Many of the old Cornish mine buildings situated in the larger mining districts have been listed and are preserved as examples for future generations. The treatment meted out to such buildings in the less extensive mining areas has been to list just a few of them. There is, however, one above all others which ought to be listed and preserved, and which was overlooked when the Helston district was surveyed.
This is the engine house of a mine called Wheal Pool - a silver-lead mine just above the Loe Pool. Built in the late-1780s and possibly the only eighteenthcentury engine house surviving in Cornwall, it is the only one known to have been built to take the first Hornblower compound steam pumping engine. The engine ceased to work when the mine closed in September 1794.
In addition to these considerations, from the sixteenth to the nineteenth centuries, the area between Helston and Porthleven was worked intermittently for silverlead, and this building is the sole mine building surviving in the area.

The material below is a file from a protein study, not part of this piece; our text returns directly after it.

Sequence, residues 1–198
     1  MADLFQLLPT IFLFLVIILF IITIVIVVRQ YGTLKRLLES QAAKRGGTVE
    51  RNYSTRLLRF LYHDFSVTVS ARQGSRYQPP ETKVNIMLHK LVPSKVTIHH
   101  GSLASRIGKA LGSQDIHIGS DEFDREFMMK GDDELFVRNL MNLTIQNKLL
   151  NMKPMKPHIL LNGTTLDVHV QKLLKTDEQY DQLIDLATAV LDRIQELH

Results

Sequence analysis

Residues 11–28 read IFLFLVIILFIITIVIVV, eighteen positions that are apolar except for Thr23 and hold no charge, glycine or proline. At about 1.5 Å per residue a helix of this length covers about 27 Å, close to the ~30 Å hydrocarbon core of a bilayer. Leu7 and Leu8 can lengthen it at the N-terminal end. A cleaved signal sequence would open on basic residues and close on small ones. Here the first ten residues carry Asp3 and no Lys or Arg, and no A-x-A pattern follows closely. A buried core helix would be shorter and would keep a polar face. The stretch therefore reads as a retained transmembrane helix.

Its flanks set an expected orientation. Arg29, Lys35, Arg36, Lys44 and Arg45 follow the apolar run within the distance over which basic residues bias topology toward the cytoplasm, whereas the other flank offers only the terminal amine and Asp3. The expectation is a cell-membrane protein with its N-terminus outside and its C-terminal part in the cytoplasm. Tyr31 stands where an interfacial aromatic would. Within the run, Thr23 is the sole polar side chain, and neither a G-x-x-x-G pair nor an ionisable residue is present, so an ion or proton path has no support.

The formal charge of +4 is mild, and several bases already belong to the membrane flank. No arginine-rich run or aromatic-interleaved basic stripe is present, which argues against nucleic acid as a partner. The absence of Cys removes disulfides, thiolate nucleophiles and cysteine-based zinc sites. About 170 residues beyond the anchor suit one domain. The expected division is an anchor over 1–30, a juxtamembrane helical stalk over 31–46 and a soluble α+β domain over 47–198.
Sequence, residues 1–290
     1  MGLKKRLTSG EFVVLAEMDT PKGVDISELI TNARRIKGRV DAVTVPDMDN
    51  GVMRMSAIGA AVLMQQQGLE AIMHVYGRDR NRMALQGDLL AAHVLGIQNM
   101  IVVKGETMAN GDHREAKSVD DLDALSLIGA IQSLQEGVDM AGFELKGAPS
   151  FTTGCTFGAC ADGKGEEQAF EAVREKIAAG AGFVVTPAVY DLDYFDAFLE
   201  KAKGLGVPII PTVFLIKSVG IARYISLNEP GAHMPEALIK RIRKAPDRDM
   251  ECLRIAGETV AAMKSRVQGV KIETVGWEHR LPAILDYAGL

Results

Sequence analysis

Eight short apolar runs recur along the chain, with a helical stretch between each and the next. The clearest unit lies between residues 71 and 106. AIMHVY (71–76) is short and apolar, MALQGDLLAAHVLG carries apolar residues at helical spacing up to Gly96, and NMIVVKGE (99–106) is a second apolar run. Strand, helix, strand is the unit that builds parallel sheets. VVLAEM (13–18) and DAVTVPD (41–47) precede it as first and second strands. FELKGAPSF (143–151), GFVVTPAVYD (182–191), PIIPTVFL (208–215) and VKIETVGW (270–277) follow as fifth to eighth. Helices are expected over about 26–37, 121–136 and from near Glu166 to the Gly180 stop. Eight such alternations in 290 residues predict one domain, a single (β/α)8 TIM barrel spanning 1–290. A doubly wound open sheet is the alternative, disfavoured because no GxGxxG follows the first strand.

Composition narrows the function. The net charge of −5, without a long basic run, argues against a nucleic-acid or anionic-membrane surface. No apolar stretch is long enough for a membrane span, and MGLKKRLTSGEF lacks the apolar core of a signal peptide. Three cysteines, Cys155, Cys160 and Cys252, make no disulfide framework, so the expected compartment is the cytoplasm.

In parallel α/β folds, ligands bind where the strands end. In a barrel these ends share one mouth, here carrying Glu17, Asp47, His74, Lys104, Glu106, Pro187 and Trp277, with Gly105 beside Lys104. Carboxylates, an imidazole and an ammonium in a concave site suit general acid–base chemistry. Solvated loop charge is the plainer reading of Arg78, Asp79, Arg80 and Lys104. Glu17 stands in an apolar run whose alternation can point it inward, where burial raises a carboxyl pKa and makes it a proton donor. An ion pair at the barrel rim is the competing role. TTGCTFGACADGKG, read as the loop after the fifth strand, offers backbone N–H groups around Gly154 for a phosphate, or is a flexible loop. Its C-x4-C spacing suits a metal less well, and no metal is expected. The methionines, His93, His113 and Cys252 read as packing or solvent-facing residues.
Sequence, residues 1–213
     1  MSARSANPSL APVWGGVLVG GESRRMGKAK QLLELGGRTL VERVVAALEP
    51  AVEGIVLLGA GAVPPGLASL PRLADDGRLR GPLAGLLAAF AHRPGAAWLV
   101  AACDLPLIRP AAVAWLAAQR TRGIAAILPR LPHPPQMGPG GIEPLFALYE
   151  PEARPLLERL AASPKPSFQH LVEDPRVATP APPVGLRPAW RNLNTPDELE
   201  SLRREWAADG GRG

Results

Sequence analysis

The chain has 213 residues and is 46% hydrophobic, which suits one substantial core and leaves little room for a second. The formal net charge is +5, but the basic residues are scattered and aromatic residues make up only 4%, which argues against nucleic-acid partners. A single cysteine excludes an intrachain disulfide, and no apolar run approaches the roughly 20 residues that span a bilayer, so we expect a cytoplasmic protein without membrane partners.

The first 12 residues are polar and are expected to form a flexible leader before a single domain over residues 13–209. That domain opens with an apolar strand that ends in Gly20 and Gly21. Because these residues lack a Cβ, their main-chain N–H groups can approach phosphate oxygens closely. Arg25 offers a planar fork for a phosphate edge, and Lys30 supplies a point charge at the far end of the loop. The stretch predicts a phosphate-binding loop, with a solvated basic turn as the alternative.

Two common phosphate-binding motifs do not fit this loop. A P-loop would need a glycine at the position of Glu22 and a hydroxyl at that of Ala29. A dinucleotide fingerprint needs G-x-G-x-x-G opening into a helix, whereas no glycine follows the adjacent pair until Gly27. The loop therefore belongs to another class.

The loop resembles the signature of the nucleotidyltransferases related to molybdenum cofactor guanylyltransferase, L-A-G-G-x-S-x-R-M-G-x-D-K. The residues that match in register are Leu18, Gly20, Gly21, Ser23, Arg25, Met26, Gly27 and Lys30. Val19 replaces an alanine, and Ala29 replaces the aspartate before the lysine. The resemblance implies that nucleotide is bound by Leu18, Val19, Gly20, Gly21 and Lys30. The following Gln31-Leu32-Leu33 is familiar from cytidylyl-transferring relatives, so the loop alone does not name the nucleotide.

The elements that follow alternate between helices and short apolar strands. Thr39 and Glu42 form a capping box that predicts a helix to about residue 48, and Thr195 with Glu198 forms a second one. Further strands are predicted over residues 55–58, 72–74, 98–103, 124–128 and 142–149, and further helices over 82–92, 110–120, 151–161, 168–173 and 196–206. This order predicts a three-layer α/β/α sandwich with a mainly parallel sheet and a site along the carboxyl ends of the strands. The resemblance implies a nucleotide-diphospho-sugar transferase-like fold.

The authority responsible for listing mine buildings says that as this one is not in a major mining area, it should not be listed or preserved. Do I detect a suspicion of 'we are never wrong' at the ministry responsible for refusing to amend the list to include this one? And what other steps can be taken to ensure that the building receives the treatment it deserves?
Justin Brooke, Marazion, Cornwall